That in itself was actually exciting for me, but the terminal where all of the passengers were held at Prince George Regional Airport didn’t have any bathrooms. You had to leave the terminal in order to go an ease yourself and under the investigation; which went on for hours, everyone including this 14-year old, was under suspicion and not allowed to leave the area.

    I was able to talk to my mother and my sister through the thick glass windows between the terminal and the outer hall. After conveying just how much my bladder was bursting, my family took up a fight with airport administration, security and the police to get me out of there like it was their mission in life. When my mum feels she needs to raise hell, watch out!

    At 3 seconds to the start of doomsday, the officials allowed me to go to the bathroom and leave the airport with my family.

    The bomb scare turned out to be a hoax.

  3. worst travel experience? so many…… but never bad enough to deter me from more travel!!!! I love seeing different parts of the world. thanks for the wonderful pics. just great.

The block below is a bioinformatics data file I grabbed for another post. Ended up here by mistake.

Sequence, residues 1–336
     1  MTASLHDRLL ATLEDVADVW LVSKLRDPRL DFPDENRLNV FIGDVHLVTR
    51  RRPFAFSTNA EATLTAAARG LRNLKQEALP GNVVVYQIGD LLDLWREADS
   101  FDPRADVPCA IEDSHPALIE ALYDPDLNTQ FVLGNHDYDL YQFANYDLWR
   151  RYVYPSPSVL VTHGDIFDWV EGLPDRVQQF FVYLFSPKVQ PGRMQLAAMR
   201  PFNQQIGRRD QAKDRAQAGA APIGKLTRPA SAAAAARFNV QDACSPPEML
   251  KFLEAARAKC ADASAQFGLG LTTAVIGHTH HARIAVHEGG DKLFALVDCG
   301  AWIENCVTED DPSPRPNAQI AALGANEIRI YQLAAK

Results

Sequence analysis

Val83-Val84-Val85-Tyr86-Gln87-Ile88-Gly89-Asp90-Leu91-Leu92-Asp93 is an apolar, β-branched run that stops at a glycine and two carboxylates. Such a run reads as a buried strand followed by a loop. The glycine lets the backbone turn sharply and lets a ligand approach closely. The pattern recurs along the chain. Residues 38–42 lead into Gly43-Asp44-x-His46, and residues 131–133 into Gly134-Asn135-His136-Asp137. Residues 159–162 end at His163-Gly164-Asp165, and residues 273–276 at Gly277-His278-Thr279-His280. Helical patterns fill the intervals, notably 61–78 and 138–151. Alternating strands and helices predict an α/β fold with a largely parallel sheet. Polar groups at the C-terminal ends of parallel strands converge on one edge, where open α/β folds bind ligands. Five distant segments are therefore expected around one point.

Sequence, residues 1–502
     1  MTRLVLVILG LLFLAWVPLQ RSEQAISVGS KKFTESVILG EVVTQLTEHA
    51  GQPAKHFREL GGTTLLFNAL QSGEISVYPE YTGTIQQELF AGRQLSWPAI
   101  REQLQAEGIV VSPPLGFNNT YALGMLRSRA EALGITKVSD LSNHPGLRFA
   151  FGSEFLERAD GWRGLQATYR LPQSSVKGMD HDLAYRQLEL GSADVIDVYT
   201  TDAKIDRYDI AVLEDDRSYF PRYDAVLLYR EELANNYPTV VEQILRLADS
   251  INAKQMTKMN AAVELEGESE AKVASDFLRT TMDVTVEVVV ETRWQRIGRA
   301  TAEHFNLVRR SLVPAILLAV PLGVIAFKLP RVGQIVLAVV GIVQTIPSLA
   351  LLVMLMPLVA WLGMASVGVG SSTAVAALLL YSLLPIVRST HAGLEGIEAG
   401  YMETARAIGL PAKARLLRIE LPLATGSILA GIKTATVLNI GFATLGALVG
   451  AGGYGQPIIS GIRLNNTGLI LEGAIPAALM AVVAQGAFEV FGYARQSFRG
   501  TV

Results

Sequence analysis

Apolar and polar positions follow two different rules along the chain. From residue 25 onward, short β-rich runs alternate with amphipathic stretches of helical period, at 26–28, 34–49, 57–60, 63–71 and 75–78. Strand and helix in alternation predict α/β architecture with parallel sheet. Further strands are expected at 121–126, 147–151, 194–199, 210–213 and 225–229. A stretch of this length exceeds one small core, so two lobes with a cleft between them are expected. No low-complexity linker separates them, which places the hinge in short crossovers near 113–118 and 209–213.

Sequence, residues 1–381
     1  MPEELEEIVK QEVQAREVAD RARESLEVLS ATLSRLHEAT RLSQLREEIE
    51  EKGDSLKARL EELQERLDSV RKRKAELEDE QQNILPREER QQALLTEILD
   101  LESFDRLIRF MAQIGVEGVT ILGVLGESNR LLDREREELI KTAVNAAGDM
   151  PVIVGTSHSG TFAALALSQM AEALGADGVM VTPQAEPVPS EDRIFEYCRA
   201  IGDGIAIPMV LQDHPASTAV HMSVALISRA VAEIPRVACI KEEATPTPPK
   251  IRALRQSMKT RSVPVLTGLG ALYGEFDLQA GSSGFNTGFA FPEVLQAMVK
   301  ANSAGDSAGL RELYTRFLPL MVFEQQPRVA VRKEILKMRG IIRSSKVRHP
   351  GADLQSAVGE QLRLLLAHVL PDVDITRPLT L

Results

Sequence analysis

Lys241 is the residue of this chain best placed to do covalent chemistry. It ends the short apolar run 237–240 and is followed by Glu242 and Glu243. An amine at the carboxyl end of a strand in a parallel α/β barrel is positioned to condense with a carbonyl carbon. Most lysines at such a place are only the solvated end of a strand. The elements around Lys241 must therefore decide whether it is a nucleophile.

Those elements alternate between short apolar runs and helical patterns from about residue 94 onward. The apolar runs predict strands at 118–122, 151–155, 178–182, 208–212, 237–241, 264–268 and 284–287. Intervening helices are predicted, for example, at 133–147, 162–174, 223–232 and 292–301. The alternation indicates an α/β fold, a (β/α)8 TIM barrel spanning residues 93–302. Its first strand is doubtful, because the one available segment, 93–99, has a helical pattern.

4. I think I’ve had the worse. On a 5 hour bus ride from Manila to Dagupan City I retched with dry heaves and watery stuff into a plastic bag all the way to the first rest stop in Dau. There I ran to the CR and I had it coming out from the other end! By the time we got to Tarlac, the next rest stop, I was starting to get over the motion sickness! I’ve been on 14 trips to PI and this was the worse bus ride of all! Fast and bumpy rides are no fun at all!

    • Eeek… I was like that during field trip when I was in sixth grade. Just once. Bwahahaha! Never stopped me from being a globetrotter though.
      I think we just had a competition on who had the worst. 😀

  5. My worst has to be the flights to and Tenerife via Thomas cook. Nothing to do with the operator – everything to do with the poor behaviour of other tourists who hav no control over and not intent to have control over their children. Package tour flights… Bad news 😦